Drive. Click. Choke. Empowered. Switch. Bounce. It seems that the short book with the one-word title is very popular these days. Here’s another one: Clutch: Why Some People Excel Under Pressure and Other Don’t, by Paul Sullivan. The book explores stories of people both overcoming and succumbing to extremely stressful situations.
The people profiled include war veterans, actors, and athletes. In particular, five key characteristics of the “clutch” are given:
- the ability to be fully in the present, and
- being driven, whether by fear or desire
What about a financial crisis? Your home value plummets while your mortgage rate jumps, you are suddenly unemployed, or your investments drop drastically in value. How will you respond so that your household survives? Seems a lot different than making a golf swing, but here I tried to summarize the section using the five traits above:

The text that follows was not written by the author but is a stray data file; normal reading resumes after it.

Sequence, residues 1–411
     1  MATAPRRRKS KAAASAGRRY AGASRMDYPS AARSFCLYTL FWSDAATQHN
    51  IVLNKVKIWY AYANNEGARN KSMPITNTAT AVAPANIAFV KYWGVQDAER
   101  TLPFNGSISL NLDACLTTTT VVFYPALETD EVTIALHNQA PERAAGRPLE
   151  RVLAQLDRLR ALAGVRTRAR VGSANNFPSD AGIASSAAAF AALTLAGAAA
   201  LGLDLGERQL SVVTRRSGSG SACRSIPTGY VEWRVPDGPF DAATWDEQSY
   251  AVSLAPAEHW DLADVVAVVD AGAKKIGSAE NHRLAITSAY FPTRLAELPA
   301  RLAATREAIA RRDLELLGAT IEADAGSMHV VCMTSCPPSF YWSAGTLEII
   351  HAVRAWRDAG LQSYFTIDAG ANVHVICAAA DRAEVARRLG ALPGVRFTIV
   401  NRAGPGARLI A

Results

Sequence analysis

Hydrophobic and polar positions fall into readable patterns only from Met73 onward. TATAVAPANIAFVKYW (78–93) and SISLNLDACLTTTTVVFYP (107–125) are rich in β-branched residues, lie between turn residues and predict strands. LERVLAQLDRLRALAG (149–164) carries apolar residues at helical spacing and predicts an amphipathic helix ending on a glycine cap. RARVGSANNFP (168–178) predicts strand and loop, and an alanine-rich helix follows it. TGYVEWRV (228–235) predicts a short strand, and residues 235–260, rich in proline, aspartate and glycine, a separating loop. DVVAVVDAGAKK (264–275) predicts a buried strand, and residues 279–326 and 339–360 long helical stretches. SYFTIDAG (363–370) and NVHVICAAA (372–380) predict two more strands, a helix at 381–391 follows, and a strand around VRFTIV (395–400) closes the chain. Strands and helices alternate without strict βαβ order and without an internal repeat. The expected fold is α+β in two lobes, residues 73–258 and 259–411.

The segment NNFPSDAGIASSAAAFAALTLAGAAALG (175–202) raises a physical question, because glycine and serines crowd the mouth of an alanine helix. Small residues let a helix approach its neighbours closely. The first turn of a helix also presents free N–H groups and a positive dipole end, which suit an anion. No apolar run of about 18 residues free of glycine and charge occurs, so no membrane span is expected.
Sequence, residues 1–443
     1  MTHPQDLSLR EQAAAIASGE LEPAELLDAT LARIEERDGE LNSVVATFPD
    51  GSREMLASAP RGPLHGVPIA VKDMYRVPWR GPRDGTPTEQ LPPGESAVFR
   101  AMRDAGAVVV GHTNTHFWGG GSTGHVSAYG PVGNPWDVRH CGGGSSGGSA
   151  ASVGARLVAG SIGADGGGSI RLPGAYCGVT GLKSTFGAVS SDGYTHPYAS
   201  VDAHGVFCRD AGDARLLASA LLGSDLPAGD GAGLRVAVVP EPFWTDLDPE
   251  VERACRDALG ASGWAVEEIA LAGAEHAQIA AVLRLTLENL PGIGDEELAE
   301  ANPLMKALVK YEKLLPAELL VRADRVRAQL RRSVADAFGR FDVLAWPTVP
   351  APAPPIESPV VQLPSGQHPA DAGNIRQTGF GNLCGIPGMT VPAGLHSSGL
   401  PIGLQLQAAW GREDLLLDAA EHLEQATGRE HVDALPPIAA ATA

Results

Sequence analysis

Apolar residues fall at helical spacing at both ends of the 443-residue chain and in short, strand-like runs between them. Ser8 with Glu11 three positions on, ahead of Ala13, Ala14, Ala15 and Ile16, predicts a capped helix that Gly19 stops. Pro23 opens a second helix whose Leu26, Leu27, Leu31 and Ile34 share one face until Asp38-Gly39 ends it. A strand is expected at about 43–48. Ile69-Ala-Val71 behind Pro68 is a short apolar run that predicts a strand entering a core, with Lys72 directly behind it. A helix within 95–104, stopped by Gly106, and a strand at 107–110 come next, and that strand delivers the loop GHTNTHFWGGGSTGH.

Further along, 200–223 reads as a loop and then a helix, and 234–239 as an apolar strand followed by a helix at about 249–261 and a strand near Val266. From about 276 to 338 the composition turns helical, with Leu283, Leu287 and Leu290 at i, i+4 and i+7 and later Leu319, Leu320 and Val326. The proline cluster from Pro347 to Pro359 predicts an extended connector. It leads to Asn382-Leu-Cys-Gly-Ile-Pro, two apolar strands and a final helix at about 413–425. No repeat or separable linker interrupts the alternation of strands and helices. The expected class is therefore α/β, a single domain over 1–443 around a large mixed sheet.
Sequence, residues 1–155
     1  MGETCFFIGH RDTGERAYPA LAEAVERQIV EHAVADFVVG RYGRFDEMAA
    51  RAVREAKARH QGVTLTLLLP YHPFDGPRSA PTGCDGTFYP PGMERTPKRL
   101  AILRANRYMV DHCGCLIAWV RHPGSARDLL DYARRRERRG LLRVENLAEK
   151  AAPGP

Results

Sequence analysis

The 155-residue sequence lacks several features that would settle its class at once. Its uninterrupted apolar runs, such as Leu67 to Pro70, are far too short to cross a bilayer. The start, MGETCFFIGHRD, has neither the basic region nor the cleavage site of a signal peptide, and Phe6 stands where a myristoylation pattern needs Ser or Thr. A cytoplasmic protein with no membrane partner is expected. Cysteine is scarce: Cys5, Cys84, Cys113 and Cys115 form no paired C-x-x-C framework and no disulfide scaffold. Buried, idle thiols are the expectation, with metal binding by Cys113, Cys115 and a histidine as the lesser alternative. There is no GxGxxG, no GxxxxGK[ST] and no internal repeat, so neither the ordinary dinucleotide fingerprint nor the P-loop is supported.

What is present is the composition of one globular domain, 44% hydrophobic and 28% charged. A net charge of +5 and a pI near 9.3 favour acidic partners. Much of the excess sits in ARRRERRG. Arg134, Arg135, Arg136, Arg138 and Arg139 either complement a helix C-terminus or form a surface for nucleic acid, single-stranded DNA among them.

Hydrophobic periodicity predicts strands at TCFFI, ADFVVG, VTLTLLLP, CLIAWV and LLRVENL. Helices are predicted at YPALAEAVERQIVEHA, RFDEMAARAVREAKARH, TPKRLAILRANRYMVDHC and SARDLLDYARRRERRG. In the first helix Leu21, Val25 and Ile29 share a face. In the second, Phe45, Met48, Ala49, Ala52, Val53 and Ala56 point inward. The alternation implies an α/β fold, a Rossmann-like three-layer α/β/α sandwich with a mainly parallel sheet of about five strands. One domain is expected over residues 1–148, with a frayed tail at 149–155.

Focus. Take responsibility. Change what you can. Don’t waste time blaming others like the mortgage lenders or the credit card issuers that jacked up your rates.
Discipline. Cut your costs without emotion. Sell liabilities like cars, boats, vacation properties. Walk away from your home mortgage if needed. You should always have enough cash to cover twelve months of your expenses.
Adaptability. What is most important to you? Family? Well, your family will still love you if you live in an apartment and drive a $3,000 car. Learn to live without the rest.
Be in the present. Don’t wait. Don’t think you’ll be bailed out, or something magical will happen. If you rely on hope an sit around waiting for things to improve, you’ll just burn through more of your reserves and end up even worse.
Being driven. Figure out what motivates you. Maybe it is fear of losing it all, or desire for financial freedom.